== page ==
Tuesday, December 28, 2010

Tony Dungy on Character


I especially liked this section from Coach Dungy's The Mentor Leader (pages 69-71):

"Coach (Cal) Stoll was the first person I can recall who made the connection between the quality of our character and our success on the football field. He was talking about success in life as well, but what was new to me was the emphasis on character and success in the short-term, on the field. Once I learned that lesson, making the connection to success in life was easy...

"Much of what we hear today about football players and good character has more to do with their not embarrassing themselves or their school or team than it does anything else...

"Coach Stoll made the point that how we did things affected our results. He further believed that the kind of people we had on our team would affect our ability to get the results we wanted, and that the people we were around would have an impact on us. To follow his thinking, then, the kind of people we spent time with affected our character, and our character affected our performance on the field.

"I had never looked at it that way before. I never thought that my personal life, or that of my teammates, would have any impact on whether we won or lost games. In my mind, winning games was simply a matter of talent and teamwork. So whenever I played pickup basketball on the playground, where the rule was win or sit out--and of course I wanted to win and keep playing--I didn't give any thought to character, just to who could help me win. Or so I thought.

"After hearing Coach Stoll, however, I began to think about the decisions I had made over the years and the types of guys I always picked. It hit me that I hadn't necessarily picked the most talented players to be on my team. Some of those guys never passed or didn't play defense. Rather, the guys I picked were the ones who had a burning desire to win and who would do the kinds of things--such as rebounding, defending, or passing to the open man--that would put their team in a position to win. If it meant they didn't score at all in the game, fine. If it meant they scored every point, that was fine too. I realized that, without even thinking about it, I gravitated toward the guys who had character. I began to see that the people I wanted to associate with were people of character both on and off the court or field.

"Coach Stoll made it clear that the guys who went to class, who treated other people with respect, and who were responsible in the little things on and off the field were ultimately the ones who gave us a better chance to win...

"Ultimately, Coach Stoll showed us that players who weren't reliable off the field would eventually demonstrate those same shortcomings in the heat of battle. If they weren't responsible in other settings, we wouldn't be able to count on them at crunch time. And he was right...

"Surprisingly for some, research conducted by the Leadership Research Institute had shown that in times of crisis, people gravitate toward the person of highest character, not necessarily the person who is 'in charge' or even the person they believe to be the most competent. Rather, people will tend to build a relationship with and follow the person they view as the most trustworthy, who cares the most, and who is willing to always do the right thing.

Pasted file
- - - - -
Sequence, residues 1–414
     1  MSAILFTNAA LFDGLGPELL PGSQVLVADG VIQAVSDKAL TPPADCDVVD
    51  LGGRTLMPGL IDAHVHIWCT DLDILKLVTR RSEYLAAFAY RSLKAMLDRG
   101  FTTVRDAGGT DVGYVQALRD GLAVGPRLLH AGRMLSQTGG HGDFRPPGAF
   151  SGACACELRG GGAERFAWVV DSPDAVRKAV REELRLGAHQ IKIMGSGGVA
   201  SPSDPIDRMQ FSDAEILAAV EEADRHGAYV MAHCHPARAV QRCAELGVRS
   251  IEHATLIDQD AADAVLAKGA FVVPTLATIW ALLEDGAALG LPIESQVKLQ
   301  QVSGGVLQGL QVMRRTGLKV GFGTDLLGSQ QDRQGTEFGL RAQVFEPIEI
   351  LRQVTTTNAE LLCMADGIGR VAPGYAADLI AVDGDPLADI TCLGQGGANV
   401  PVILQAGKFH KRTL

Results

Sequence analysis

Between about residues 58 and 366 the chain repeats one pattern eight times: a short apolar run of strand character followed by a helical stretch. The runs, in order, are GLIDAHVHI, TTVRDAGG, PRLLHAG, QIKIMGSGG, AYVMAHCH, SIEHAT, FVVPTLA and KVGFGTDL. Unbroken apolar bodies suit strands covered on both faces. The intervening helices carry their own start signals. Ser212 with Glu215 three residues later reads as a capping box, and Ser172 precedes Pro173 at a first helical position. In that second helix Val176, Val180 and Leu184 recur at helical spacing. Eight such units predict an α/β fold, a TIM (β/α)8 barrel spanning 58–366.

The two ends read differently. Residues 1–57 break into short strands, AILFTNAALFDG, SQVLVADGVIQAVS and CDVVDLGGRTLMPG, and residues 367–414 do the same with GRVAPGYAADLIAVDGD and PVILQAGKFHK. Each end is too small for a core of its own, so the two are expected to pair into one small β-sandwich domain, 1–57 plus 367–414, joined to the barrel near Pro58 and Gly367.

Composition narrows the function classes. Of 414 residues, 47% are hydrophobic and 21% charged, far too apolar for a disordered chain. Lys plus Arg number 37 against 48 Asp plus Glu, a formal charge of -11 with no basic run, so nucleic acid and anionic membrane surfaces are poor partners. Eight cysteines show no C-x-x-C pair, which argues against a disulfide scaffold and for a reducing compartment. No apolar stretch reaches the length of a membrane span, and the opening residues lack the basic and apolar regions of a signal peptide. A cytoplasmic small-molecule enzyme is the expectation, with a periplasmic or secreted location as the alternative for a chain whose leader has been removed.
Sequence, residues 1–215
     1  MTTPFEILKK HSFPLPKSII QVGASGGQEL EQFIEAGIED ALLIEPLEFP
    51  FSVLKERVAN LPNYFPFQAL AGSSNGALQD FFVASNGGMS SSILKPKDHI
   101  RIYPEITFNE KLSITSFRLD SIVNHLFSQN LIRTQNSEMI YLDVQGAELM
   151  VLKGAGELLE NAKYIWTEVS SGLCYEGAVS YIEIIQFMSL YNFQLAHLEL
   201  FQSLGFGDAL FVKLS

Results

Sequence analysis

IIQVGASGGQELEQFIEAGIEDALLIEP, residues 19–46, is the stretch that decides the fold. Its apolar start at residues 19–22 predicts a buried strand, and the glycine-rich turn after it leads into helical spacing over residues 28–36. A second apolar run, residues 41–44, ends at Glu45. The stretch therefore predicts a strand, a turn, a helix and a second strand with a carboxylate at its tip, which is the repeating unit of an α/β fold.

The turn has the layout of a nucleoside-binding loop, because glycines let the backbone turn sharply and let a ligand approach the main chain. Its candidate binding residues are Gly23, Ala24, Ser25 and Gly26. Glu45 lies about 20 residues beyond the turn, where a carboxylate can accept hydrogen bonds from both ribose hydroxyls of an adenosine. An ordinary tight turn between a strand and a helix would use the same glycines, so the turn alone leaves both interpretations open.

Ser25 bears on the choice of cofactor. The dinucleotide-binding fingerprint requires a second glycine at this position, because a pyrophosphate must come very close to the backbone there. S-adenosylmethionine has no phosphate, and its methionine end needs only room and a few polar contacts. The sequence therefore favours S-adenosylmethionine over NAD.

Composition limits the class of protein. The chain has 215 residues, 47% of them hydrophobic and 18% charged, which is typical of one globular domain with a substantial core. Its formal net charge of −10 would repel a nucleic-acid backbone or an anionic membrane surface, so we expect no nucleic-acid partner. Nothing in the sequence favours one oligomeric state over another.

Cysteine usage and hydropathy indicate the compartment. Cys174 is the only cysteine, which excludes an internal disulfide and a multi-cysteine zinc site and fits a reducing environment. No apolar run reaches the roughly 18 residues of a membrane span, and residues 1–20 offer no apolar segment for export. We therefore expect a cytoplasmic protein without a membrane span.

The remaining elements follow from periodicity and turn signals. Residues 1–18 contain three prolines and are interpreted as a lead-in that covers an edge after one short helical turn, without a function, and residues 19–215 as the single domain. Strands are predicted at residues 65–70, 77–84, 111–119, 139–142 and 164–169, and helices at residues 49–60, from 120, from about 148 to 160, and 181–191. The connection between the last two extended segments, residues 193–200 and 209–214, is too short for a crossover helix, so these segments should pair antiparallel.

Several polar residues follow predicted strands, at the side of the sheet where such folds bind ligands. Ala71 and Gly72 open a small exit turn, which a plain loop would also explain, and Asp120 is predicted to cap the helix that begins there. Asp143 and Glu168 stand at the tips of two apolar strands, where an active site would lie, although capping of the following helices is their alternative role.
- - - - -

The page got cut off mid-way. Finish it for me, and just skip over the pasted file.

"In a crisis, people crave character. But there's no reason to wait for a crisis. You can continue to cultivate your character along the way, and it will contribute to your team's performance long before a crisis ever comes. Character is the glue that bonds solid and meaningful relationships."

Whenever I think about good character, I think of honesty. While it's a key ingredient of character, it's not the only element. Tony Dungy has correctly pointed out some of the relational elements of good character (such as caring about others and being reliable).

Coach Dungy's books are available at all major bookstores and amazon.com. I always buy one when it's published. You can find a link to his blog on my blog roll at the right side of my blog. You will find some wise advice and encouragement posted frequently.

2 comments:

Steve said...

Good post. I am a colts fan. I've watched them from the early 60's, through the good and bad.I can remember telling my wife one time, He's too nice to ever win a super bowl, speaking of Coach Dungy, but the more I watched him and the colts, you could just see the respect the men had for him. Even through bad games, you could see his good character, the true Godly man he is.You know,Jesus is the Good Shepherd, and the good Shepherd don't drive and beat down his sheep, He leads. I think coach Dungy did just that. The bible says that we (Christians)are to let our lights so shine before men. May God bless you

Terry said...

I agree with you, Steve. I became a Colts fan a few years ago, because of Tony Dungy. I heard a recording of him at an NFL prayer breakfast after he had lost his oldest son. His story made a huge impact on me. Afterward, I started following his career. The world needs more men like him in every area of life. Thanks for the commment!